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UT: Cedar Mesa Freeze Fest XII - Black Hole - Jan 1, 2014

Discussion in 'Trip Reports' started by ratagonia, Jan 5, 2014.

  1. ratagonia

    ratagonia

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    The big day was upon us. Yes, the night was cold and we rang in the new year at the appropriate hour — for New York. Off to Hite it was, fairly early. Sort gear, prep the clothing, make decisions. EAT FOOD! Drink water. Then off to Milepost whatever for the start of that grand, silly, canyoneering adventure traditions ever – The Black Hole of White Canyon on New Year’s Day. The Stupid Idea that Caught On.

    People assembled at the trailhead. Final count was 30. Questions about choices and preparations bounced back and forth. The weather was pleasant – not particularly cold, not windy, sunny. Energy levels were high. The traditional group picture taken, the mob surged down the trail to the second sign, where a second group picture was taken. We enjoyed the sunshine and strolled down the trail to the canyon bottom.
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    Fun ensued. There’s a bit of a hike to the suit-up point, which varies from year to year. Seemed kinda dry this year. We found the suit-up spot and spent a half hour eating, peeing and then suiting up with lots of suit. Off we went into the icewater.

    What more is there to say? Another uneventful trip, really, just as it should be. Good teamwork made safe work of the obstacles. There were swims, and some sections of breaking ice. Some careful walking upon the top of the ice, in places. My clothing and gear worked a LOT better than last year, and I was warm the whole time. The mob broke into smaller groups, who bounced back and forth through the day. Late in the afternoon we came to exit and we climbed out of the canyon and back up to the road.
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    It was great.

    A few more pictures at the Latest Rave
  2. Ram

    Ram

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    After celebrating the New Year in Newfoundland, Nova Scotia, New York, Peoria and finally Sandthrax, off to bed I went. It was in the teens the next morning but the forecast promised temps in the 40's. Off to Hite for preparations, then to the car shuttle. Jared Hilhouse made his cameo from Blanding. He and friend Aaron were waiting for us and upping the number of people who decided to show up, to 30!

    The Hole was drier than usual, but not super low. Some areas were frozen solid from the cold spell back in December. Water is slow to freeze and slow to thaw, thus some swims were walked over. The open areas had more ice, the constriction were wet and ice free. There was still a ton of water to swim and I think water temps were a tad lower than normal in places. Air temperatures were warm enough that wet spots near edges were freezing over in only a spot or two and that was early in the day. Thankfully, there was little or no wind. There were two somewhat long swim/wades that involved thick broken ice. This can be quite challenging. One must move the large plates around to make progress. Sometimes you can slide a plate under another plate. Smaller ones can be tilted up to 45 degree angles, allowing one to get by. Other plates must be turned, opening passages in and around, like passing through a maze. All these methods are slow, get hands wet and usually involve extended time in the water.

    The larger whole, broke into smaller units. I passed through the canyon, mostly as part of a group of 8 souls. Others told similar stories of forming groups. Hot tea and soups in a sunny spot, most of the way through was a memorable break. The canyon was beautiful, as always. Ice forms such pleasing images. Our groups passage was a tad slower than our norm, at 5.5 hours, but that was mostly due to it being comfortable, thus allowing the beauty of the place to sink in.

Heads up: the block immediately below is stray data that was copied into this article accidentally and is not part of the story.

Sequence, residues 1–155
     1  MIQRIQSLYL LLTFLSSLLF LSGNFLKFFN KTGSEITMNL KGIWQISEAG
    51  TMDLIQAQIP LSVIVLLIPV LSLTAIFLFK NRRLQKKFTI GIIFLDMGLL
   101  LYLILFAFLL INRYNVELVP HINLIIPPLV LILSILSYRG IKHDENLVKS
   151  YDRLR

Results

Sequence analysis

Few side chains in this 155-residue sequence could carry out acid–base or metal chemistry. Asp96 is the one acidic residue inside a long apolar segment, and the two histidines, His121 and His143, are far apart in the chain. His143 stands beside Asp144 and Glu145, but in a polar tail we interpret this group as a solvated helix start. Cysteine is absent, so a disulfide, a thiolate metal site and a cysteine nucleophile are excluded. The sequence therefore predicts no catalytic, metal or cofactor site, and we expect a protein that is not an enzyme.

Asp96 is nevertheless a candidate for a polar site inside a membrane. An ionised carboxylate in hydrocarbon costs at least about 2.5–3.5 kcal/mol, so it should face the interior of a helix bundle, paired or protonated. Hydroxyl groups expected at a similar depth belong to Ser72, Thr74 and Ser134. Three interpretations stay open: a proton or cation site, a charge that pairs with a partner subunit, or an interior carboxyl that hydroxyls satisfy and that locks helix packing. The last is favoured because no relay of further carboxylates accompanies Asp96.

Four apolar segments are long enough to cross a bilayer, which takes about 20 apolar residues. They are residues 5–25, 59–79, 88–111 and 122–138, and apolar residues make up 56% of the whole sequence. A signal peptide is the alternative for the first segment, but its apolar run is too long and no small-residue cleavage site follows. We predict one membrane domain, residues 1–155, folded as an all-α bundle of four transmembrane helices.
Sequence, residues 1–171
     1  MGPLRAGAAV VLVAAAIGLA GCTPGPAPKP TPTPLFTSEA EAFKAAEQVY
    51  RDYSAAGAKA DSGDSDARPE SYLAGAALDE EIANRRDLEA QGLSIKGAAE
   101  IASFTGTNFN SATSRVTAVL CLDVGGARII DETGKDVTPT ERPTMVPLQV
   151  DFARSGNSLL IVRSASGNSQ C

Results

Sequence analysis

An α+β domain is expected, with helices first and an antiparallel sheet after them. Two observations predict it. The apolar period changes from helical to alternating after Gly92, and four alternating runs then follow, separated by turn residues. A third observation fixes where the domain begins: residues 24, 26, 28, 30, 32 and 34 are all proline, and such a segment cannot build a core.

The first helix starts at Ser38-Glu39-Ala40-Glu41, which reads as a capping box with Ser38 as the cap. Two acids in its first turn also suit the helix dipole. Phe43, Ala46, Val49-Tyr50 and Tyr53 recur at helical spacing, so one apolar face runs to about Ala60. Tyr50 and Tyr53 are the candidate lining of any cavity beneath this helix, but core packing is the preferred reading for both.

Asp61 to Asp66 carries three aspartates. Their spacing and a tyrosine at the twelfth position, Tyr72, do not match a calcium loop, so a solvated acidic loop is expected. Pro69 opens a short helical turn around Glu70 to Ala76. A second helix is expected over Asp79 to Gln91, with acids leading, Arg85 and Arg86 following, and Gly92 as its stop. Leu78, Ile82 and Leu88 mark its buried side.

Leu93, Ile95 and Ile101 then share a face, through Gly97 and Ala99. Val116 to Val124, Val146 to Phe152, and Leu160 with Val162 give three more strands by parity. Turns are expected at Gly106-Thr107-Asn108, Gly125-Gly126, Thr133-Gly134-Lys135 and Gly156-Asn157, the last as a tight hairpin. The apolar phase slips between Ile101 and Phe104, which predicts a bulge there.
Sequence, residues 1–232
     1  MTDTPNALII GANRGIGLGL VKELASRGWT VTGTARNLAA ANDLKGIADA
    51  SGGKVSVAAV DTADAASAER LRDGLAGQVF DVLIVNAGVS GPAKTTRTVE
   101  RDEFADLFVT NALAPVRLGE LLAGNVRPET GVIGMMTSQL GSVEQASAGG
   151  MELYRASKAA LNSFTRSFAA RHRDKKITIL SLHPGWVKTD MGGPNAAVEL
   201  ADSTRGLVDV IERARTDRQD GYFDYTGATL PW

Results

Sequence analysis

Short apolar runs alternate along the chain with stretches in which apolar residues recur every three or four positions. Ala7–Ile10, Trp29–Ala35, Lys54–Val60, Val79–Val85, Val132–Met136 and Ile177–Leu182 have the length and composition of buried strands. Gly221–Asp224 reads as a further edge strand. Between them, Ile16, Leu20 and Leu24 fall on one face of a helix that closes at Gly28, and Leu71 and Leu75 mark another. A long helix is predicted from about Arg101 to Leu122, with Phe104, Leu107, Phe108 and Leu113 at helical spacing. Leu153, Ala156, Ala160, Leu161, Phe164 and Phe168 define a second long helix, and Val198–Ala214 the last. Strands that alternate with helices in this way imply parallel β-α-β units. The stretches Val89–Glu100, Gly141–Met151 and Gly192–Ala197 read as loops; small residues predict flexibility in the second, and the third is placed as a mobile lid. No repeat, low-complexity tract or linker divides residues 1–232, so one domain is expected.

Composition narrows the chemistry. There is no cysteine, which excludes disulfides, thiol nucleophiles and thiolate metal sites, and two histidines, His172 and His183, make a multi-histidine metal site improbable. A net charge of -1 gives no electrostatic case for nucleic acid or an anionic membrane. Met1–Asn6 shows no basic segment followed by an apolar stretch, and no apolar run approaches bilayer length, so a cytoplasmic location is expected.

In twelve straight January 1st Black hole's, we have seen, snow cover eliminating bypasses. Icing of all wet spots turning passage treacherous. Learned that cupping water on frozen rock thaws it for several seconds, allowing one to use the holds safely. Seen temperatures of 55 and 5 degrees. I remember the first sub freezing Hole, I tried to change out of the suit and my shoes and socks froze almost instantly and without water to dunk them in, I would have been in a pickle. We have seen it near ice free. We have seen it flowing from one end to the other at about 3 cfs. We have seen it clogged with logs and swam through nearly impossible log soup. We have seen it require digging out a spot or so to continue and we were able to move massive logs, weighing tons, delicately balanced, with one finger. The place has a lot of faces and moods and I am honored to have been granted safe passage.

    A final request for a donation to the Great Old Broads @ greatoldbroads.org/. They do great work helping us all having places like this to play

    Select pictures then the whole album in slide show form

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    Slideshow
    Impossible to find the RSS link
  3. dweaver2130

    dweaver2130 Canyoneering Duo from AZ

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    Awesome conditions, beautiful scenery, and great friends to enjoy it all with!

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  4. cirrus2000

    cirrus2000

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    My son, Perrin, and I were both at FreezeFest last year, but we bailed on the Black Hole at the last minute (went for the hot springs option, instead!). This year, we were determined to follow through, and we're sure glad we did! Neither of us had been through the Black Hole before, in any season.

    The hiking, the swimming, the camaraderie - they were all fantastic! And the cold wasn't as bad as I'd feared. What a beautiful place, and what a great experience to do it like this.

    Ram - Thanks for the reminder - I'd forgotten about the Broads! Donation now made.

    Impossible to find the RSS link
    ratagonia and Ram like this.
  5. ratagonia

    ratagonia

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    Sweet pics, Kev.

    Tom
  6. Deagol

    Deagol too many hobbies

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    Is there a general rule about what time of year that water levels are highest in The Black Hole ?
  7. ratagonia

    ratagonia